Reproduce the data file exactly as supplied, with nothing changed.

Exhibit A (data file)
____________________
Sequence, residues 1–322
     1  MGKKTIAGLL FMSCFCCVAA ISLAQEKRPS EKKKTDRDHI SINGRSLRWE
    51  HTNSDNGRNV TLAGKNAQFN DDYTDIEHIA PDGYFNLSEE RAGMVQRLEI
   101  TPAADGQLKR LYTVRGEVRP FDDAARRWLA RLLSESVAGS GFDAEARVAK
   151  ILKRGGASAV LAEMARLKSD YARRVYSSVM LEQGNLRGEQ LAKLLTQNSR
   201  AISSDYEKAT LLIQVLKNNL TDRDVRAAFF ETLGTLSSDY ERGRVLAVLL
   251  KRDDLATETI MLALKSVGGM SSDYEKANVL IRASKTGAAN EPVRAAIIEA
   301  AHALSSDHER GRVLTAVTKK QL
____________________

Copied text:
Sequence, residues 1–322
     1  MGKKTIAGLL FMSCFCCVAA ISLAQEKRPS EKKKTDRDHI SINGRSLRWE
    51  HTNSDNGRNV TLAGKNAQFN DDYTDIEHIA PDGYFNLSEE RAGMVQRLEI
   101  TPAADGQLKR LYTVRGEVRP FDDAARRWLA RLLSESVAGS GFDAEARVAK
   151  ILKRGGASAV LAEMARLKSD YARRVYSSVM LEQGNLRGEQ LAKLLTQNSR
   201  AISSDYEKAT LLIQVLKNNL TDRDVRAAFF ETLGTLSSDY ERGRVLAVLL
   251  KRDDLATETI MLALKSVGGM SSDYEKANVL IRASKTGAAN EPVRAAIIEA
   301  AHALSSDHER GRVLTAVTKK QL